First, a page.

The general definition of ‘stupid fishing’ is no matter what you throw at the fish, you can catch on it. ‘Stupid fishing” by my definition is a little different. Let me explain.
I arrived on Cuttyhunk for an early June two-night trip. With such a short time on the island, it is important to find the fish as soon as possible. This can be accomplished by talking to fishermen already on the island or doing some daytime scouting. A storm the night before we arrived had made the south side of the island (the side I was intending to fish) unfishable: big surf, dirty water and, worst of all, weeds. On the north side, conditions are normally quieter – with smaller fish. Not surprisingly, I had never fished the north side. But with reports from local fishermen of fish up to 24 lbs. the night before, the north side seemed the best bet. Daytime scouting confirmed this as there were birds working and occasional splashes of feeding fish. Every so often, a fish about a foot long jumped completely out of the water. I was hoping these jumping fish were bigger bait because that would have meant that I had succeeded finding bait and fish in a very short period of time.
Here is where the stupid comes in. At dark, when it was finally time to fish and everyone headed to the north side to fish, I decided on a whim to try the big water on the south side. When I started to fish, the water was pretty clean and the surf manageable. But no fish. The farther south I went, the bigger, dirtier and weedier the water got, and as predicted, the south side was unfishable.
I decided I would head to the north side after all. In an attempt to save some energy and time, I took a vaguely remembered shortcut – in the dark. I soon became lost in the interior of the island and wandered around for 1-1/2 hours – and came out where I had started. The wind had died down by then and the surf looked fishable from the bluff. Second bad choice, I decided to stay on the south side and walked the whole south shore without seeing another fisherman or finding even a single fish. Pretty unheard of on Cuttyhunk in June.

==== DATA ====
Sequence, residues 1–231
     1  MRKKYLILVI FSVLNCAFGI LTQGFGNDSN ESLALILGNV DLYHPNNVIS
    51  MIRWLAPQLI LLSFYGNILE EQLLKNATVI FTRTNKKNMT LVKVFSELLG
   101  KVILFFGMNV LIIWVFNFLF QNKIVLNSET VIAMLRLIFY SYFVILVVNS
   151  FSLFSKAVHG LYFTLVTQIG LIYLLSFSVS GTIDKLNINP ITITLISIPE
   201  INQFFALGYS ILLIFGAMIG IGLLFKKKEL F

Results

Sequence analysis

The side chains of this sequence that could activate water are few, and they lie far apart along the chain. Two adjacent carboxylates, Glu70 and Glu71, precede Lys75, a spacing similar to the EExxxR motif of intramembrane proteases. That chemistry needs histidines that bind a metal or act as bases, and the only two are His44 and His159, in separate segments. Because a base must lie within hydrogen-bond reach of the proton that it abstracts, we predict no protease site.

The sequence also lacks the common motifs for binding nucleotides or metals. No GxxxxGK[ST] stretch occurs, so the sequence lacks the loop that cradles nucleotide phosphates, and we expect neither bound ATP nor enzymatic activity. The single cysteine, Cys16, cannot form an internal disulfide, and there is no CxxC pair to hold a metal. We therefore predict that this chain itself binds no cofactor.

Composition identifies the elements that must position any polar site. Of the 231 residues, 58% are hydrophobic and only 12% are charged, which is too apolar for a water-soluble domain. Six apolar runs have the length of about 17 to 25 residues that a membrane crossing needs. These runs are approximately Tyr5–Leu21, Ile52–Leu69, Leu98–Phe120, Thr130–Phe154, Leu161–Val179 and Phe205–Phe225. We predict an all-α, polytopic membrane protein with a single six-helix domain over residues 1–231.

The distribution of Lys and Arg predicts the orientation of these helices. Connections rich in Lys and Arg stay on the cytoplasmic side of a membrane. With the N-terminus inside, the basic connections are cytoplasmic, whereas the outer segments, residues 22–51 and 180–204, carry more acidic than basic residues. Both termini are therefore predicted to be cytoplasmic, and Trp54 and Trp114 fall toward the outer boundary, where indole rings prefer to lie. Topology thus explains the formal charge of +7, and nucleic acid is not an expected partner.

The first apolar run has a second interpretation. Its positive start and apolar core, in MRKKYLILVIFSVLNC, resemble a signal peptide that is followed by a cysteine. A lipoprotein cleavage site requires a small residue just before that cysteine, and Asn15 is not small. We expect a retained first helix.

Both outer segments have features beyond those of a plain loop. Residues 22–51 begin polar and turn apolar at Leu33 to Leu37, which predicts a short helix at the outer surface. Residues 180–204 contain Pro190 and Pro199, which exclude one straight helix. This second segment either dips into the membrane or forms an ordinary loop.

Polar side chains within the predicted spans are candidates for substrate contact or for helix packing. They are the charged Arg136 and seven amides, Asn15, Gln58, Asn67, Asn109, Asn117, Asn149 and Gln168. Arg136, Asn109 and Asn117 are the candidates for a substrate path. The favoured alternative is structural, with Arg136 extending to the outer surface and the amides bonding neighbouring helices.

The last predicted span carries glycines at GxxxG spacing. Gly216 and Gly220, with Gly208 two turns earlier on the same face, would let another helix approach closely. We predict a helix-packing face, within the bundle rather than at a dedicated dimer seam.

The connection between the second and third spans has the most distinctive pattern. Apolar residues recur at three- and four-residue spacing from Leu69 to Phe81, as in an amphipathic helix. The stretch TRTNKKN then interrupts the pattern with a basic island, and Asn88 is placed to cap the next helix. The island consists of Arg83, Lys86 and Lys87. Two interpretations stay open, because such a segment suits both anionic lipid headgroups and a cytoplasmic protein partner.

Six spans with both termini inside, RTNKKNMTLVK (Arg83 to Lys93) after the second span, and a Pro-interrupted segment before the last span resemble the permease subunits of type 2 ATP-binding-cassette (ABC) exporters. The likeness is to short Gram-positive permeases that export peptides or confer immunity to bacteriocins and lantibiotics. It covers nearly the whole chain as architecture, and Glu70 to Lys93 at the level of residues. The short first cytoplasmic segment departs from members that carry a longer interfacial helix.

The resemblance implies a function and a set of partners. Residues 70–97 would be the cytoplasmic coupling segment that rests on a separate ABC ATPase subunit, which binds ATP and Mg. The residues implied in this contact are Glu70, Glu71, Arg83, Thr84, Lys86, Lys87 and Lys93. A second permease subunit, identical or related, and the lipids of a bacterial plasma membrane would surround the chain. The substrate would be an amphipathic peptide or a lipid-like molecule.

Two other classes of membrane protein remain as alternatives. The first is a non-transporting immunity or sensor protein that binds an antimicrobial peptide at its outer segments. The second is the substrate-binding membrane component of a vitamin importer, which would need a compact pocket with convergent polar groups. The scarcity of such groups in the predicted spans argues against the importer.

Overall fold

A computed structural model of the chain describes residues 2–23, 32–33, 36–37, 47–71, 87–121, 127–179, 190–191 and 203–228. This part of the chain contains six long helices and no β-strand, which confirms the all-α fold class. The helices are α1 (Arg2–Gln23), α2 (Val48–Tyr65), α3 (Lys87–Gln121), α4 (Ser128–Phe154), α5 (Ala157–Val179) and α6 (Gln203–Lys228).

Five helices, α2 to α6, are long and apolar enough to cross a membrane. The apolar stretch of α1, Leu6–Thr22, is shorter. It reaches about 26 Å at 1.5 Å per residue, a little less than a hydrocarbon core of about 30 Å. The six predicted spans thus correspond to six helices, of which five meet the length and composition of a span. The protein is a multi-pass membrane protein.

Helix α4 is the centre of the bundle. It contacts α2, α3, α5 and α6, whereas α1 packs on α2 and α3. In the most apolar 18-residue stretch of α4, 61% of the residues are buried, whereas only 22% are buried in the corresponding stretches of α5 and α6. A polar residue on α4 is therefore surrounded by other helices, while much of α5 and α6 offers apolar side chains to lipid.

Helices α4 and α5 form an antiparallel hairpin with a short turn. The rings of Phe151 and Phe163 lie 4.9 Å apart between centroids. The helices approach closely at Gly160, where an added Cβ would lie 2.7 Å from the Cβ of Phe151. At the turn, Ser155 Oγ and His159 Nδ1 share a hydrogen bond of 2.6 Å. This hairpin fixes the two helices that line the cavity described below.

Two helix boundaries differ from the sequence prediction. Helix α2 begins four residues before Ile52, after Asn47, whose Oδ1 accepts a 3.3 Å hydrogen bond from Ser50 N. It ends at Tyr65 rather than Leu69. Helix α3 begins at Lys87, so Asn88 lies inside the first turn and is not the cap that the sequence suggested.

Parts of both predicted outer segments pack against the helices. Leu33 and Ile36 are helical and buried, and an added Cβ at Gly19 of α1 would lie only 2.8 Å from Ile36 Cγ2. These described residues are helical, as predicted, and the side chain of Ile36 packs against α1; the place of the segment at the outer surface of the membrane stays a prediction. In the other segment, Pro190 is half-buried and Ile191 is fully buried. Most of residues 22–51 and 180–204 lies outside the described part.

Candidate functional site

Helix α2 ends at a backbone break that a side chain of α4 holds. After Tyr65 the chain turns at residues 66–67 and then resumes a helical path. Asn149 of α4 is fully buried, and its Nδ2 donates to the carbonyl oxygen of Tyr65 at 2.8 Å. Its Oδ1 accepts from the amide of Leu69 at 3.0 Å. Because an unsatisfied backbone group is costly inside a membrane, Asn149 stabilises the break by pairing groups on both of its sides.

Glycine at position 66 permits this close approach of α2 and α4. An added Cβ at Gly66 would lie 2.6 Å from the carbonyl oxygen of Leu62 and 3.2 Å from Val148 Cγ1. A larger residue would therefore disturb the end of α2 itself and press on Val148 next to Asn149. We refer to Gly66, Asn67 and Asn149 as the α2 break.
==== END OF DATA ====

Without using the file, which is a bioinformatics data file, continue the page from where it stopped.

To make a long story short, the guys on the north side of the island found fish. Their only concern when I didn’t come back was that I got bigger fish. What I got was chafing from my wetsuit and blisters from my wetsuit booties. Dumb!
The next day the wind shifted and blew from the north and we found the same bait and birds in a cove right below where we were staying. To add insult to injury, the crew caught fish all around me on my plugs while I went fishless. The biggest catch was Peter Fu’s 34 lb. striper caught on his first cast with a sand pike. The plugmaker in me was ecstatic: guys were catching all around me on my plugs – SLIMs, SLIM MDs and Giants. But the fisherman in me was humbled: I felt stupid.
The good news is I am writing this from the deck of the Block Island Ferry headed over to guide Kiernan McGlynn, the co-winner of the “Support the Troops” auction. The report is the fishing is spotty and a storm is brewing. To be continued…
Bright Points of the Trip
I fished with two great chefs, Andrew Chase and Peter Fu. On my early trips to Block Island, I would subsist on bird seed and come back looking like I spent 50 days on a life raft. Now, even with all that walking, I ate like a king and gained a few pounds. These guys cooked great meals on Cuttyhunk! If their food is half as good in their restaurants as on the island, definitely check these restaurants out next time you are in New York City. Andrew is at the Katja Café, 70 Orchard Street, and Peter is at the Grand Central Oyster Bar in Grand Central Station.
I also had the opportunity to fish with Alan Cordts. He is a fine fisherman and you may have heard his name before — he has a couple of stories in “Striper Tales” by DJ Muller. Alan showed me his version of the FG Knot (google it) he uses to connect his shock leader. I have been toying with the idea of a shock leader. I use one on my conventional, but having that big knot going through the guides has turned me off. It would be nice to have an extra long leader fishing in the rocks though. Alan’s knot (using a Sauerkraut Slice) connecting 60 lb. pound mono leader to 50 lb. braid, or in my case 30 lb. fireline original fused, is seamless. It is nothing you will be tying out in the surf, but a few pre-tied leaders would do the trick. I will give this knot a good work out at Block and give more details if it passes the test.
And finally, a couple of good reads. Just when you think it has all been said, a couple of old salts feed you more gems. They may be mainly boat fisherman, but they know fishing for stripers. The books are “Striperman” by Sherwood Lincoln and “Walking on Water” by Charley Soares.
All for now. I’m on Block June 16-23 – hoping to come home without a single stupid story.
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